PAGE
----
Mrs. Harris Goes to Paris, aside from whisking its audiences away to the French capitol of dreams, takes viewers on a fashion tour that would make any archive-obsessed TikTok fanatic want to storm the halls of the Christian Dior boutique as if they were storming the Bastille. On Thursday their wishes came true in New York City.
During a special screening of Mrs. Harris Goes to Paris hosted jointly by Vogue and Focus Features, the production’s delightful costuming was on full display for patrons to enjoy. Bespoke garments used in the film to capture the magic of Christian Dior’s work were highlighted during the film’s viewing and Parsian-themed after-party at the chic Whitby Hotel just south of Central Park. The costumes were created by the Oscar-winning Jenny Beavan, who most recently did the costumes in Disney’s Cruella.
Newcomer Alba Baptista, who plays a Natasha—a model turned friend to Lesley Manville’s Mrs. Harris—and actor Jason Isaacs both star in the adaptation of the 1958 novel by Paul Gallico, which follows a London cleaning lady’s love for couture gowns. Baptista’s fashion-forward character isn’t just a fun persona to channel for the Portugese-born actor: She told reporters the underlying theme, namely the democratization of fashion, speaks volumes about how we can all use style to come together. In the film, Manville’s character goes on a long-winded journey with the Dior team (including André, played by Emily in Paris’s Lucas Bravo) to be treated with respect, despite not hailing from Paris’s high-society, haute couture circles.
“It’s a unifying nature within this industry, and this movie shows the opposite of what fashion can be—that it separates people and puts people into different categories. And Mrs. Harris comes to disrupt everything. And that’s a beautiful message of unity instead of judgement,” the actor said. “I think fashion exemplifies all of this. I can have a completely different sense of style than you do, but there’s mutual respect because there’s a subjective sense of creativity.”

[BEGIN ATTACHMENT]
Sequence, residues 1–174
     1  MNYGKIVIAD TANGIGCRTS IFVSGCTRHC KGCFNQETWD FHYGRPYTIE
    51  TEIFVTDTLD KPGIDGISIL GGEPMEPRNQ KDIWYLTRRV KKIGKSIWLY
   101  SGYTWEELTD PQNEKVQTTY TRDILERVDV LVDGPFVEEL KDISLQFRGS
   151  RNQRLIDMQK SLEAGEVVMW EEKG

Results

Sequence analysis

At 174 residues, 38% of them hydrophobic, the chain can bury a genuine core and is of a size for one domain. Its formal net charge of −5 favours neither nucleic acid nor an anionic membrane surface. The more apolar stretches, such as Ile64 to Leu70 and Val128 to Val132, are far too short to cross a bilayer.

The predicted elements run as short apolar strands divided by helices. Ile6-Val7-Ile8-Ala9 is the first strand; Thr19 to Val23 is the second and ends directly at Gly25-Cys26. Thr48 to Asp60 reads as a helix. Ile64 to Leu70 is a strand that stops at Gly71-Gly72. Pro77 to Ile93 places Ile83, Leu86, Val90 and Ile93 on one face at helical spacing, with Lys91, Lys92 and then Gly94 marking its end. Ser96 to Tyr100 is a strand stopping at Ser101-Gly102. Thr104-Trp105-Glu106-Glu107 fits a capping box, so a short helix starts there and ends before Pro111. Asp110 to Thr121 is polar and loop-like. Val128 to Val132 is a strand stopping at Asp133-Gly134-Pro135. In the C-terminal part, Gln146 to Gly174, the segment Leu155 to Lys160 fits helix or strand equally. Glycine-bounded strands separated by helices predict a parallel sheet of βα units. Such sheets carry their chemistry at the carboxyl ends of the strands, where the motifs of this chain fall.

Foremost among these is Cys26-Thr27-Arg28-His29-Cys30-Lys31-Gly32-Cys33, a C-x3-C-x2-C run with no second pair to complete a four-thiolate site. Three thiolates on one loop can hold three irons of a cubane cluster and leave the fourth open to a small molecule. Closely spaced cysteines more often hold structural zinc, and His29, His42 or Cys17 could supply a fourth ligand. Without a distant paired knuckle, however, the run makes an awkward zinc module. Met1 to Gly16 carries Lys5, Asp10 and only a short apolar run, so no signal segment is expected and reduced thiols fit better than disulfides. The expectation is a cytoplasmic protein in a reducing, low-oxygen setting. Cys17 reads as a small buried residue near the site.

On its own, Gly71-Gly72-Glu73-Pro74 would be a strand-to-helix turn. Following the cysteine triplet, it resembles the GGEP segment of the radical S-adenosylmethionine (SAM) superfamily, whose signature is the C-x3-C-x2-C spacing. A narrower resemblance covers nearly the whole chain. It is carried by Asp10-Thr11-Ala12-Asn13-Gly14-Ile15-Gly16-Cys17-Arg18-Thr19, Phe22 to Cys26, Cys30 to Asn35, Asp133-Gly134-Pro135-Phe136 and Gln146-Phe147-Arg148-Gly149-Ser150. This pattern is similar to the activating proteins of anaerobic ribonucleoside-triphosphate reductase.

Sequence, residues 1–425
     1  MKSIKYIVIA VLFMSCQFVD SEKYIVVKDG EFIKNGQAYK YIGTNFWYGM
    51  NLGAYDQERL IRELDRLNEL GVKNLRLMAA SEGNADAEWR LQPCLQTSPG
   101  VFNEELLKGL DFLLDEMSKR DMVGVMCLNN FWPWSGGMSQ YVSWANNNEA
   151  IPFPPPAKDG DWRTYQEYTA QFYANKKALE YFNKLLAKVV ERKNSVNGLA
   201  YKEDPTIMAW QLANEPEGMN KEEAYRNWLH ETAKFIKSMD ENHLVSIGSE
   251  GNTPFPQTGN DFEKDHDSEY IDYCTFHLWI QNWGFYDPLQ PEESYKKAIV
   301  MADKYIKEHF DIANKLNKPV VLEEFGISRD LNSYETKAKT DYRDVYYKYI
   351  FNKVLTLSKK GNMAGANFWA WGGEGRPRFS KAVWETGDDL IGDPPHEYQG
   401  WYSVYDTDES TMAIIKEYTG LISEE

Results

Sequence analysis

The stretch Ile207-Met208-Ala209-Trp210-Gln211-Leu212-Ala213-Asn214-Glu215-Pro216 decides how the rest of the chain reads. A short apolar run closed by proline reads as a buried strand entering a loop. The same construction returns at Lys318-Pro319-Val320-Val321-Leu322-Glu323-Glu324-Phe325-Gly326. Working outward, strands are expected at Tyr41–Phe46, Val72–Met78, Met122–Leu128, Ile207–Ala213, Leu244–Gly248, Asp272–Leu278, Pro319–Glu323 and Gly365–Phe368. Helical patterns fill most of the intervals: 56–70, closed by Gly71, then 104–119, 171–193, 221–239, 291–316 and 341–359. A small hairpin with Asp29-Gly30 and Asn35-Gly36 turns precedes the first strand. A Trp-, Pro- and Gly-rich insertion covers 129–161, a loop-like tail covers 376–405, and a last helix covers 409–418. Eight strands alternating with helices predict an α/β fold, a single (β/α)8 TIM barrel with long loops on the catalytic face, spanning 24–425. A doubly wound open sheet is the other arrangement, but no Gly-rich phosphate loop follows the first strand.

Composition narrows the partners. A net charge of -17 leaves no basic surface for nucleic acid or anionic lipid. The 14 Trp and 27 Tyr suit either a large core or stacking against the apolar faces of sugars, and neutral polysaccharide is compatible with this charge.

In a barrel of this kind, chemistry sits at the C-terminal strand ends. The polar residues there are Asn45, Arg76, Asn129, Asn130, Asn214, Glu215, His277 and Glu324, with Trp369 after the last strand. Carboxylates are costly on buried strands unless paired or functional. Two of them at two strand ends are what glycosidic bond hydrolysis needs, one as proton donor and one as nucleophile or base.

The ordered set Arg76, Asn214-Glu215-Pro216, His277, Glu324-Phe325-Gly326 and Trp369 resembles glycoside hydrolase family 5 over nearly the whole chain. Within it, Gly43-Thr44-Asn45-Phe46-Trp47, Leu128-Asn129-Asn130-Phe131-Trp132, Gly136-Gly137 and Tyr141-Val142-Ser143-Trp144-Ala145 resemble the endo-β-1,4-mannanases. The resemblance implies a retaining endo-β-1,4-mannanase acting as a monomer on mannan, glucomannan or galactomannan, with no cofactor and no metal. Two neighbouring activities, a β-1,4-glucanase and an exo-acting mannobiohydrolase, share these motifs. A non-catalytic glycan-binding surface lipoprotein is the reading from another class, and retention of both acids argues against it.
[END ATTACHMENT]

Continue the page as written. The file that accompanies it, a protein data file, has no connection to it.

As for Baptista’s gown of choice, her favorite wasn’t on display during the soiree. That honor goes to Dior’s “Puerto Rico” dress from the late designer’s spring-summer 1957 collection. It’s a sweeping polka-dotted masterpiece that the 25-year-old actor gushes makes her feel like she’s in another world.
“The set design was so well-made, and as soon as I put on a piece of art of a dress, I could instantly transport myself and feeling glamorous and beautiful,” she explained. “It’s incredible how Christian Dior was able to manufacture these pieces to glorify the women’s body, regardless of the shape and size.”
Dior, who was popularized after creating the New Look for working women in the world post WWII, takes a front seat in both the film’s trailer and full-length feature, taking Manville’s Harris on a stunning adventure filled with self-discovery and many, many embroidered ball gowns emblematic of the height of fashion in the ’50s.